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Caprock Canyons State Park and Trailway

Caprock Canyons State Park and Trailway

Caprock Canyons State Park and Trailway is a Texas state park located along the eastern edge of the Llano Estacado in Briscoe County, Texas, United States, approximately 100 miles (160 km) southeast of Amarillo. The state park opened in 1982 and is 15,314 acres (6,197 ha) in size, making it the third-largest state park in Texas.[1][2]

Caprock Canyons State Park
View from Haynes Ridge
Caprock Canyons
LocationBriscoe County, Texas
Nearest cityQuitaque
Coordinates34°26′37″N 101°03′08″W
Area15,314 acres (6,197 ha)
Governing bodyTexas Parks and Wildlife Department
Caprock Canyons Trailway
Length64 miles (103 kilometres)
Elevation gain/loss2,776 ft (846 m)
Trail difficultyMedium


In 1993, a hiking, biking, and equestrian rail trail opened that stretches through the park through Floyd, Briscoe, and Hall counties. The trailway was created after the Texas Parks and Wildlife Department acquired 64.25 miles (103 km) of right-of-way from the abandoned Fort Worth and Denver Railroad's lines between Estelline and South Plains.[2]


The park is located in West Texas and has a semi-arid climate. The average January minimum temperature is 19 °F (−7 °C) and the average July maximum is 91 °F (33 °C). The park receives 20.4 inches (520 mm) of precipitation annually.[2]

Flora and fauna

The area contains badlands with mesquite, cacti and junipers with tall grasses, plums, hackberries and cottonwoods in the canyons.[2]

The Park hosts part of the Texas state bison herd.[3] At the urging of his wife, Charles Goodnight preserved several plains bison from those that were being slaughtered.[4] This herd became one of the genetic sources from which current bison herds descend.[5][6] The state herd only contains plains bison which have no cattle DNA.[7][8]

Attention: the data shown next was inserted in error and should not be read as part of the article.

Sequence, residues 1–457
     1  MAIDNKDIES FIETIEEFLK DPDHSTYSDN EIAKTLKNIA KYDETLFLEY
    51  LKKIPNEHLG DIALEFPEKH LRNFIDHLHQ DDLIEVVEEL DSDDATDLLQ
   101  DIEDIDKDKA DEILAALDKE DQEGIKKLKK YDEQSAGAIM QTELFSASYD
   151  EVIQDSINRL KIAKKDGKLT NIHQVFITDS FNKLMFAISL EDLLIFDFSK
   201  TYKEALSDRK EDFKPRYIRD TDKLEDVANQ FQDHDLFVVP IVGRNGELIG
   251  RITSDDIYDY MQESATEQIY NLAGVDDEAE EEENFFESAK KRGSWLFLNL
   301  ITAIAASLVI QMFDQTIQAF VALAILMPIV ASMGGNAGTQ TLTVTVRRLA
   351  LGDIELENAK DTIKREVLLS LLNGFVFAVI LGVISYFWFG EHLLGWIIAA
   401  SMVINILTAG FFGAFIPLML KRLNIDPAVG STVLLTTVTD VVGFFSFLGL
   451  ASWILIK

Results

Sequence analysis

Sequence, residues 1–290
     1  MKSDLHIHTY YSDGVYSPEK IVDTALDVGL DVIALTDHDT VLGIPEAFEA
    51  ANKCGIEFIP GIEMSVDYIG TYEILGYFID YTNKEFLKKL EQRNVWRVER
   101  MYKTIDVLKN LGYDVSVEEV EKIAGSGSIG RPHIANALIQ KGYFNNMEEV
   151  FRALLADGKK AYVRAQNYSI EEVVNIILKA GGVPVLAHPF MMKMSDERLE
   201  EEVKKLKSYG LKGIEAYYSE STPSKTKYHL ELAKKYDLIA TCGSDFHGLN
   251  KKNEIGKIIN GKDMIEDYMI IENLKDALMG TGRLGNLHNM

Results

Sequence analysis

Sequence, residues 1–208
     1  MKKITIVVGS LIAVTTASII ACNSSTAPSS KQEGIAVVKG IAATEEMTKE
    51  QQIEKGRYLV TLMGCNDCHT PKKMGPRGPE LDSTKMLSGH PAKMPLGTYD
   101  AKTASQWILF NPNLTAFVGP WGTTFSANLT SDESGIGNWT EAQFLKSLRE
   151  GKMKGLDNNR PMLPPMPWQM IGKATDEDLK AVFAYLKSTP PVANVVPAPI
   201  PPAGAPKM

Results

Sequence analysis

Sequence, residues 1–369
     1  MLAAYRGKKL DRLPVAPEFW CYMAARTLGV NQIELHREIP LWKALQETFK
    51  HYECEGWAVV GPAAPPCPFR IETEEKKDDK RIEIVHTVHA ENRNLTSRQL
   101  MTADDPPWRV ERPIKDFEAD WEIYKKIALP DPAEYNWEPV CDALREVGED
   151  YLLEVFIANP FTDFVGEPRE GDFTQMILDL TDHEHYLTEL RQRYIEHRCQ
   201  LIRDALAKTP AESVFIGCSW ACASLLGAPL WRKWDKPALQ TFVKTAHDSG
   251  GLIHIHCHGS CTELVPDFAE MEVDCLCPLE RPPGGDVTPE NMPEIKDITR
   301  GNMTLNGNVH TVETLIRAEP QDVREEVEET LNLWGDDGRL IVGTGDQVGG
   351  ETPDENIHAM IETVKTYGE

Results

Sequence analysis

African sheep (Barbary sheep), mule deer, white-tailed deer, coyotes, opossums, raccoons, bobcats, foxes, porcupines, numerous species of snakes and lizards, and over 175 species of birds including golden eagles are found within the park. Lake Theo contains bass, catfish, and rainbow trout.[2][9] In the summer of 2012 black-tailed prairie dogs were reintroduced to a 200-acre (81 ha) area within the park.[10]

See also


  1. Caprock Canyons State Park from the Handbook of Texas Online
  2. "Caprock Canyons State Park and Trailway". Texas Parks and Wildlife Department. Retrieved 31 May 2009.
  3. Haygood, Mary Lou (2021-01-29). "PARSPA members hear about Caprock Canyon State Park". Plainview Area Retired School Personnel Association. Plainview Herald. Retrieved 2021-01-31.
  4. Robbins, Elaine (September 2005). "Where the Buffalo Roam". TPW magazine. Texas Parks and Wildlife. Retrieved 2022-01-06.{{cite magazine}}: CS1 maint: url-status (link)
  5. Westheimer, Max (2019-05-23). "The Bison of Caprock Canyons State Park". We Will Not Be Tamed. Texas Parks and Wildlife Foundation. Retrieved 2021-01-31.
  6. "Texas State Bison Herd to Once Again Freely Roam the Caprock" (Press release). Texas Parks and Wildlife. September 6, 2011.
  7. "Texas State Bison Herd – Preservation of the Bison". Austin, TX: Texas Parks and Wildlife Department. Archived from the original on 2012-02-21.
  8. McCorkle, Rob (Nov 2011). "Home on the Range". TPW magazine. Austin, TX: Texas Parks and Wildlife Department. Retrieved 1 April 2012.
  9. "2013-2014 Trout Stocking Schedule". Texas Parks and Wildlife Department. Archived from the original on March 27, 2014. Retrieved February 28, 2014.
  10. "New Residents Arrive at Caprock Canyons State Park" (Press release). Texas Parks and Wildlife Department. Archived from the original on March 5, 2014. Retrieved February 28, 2014.
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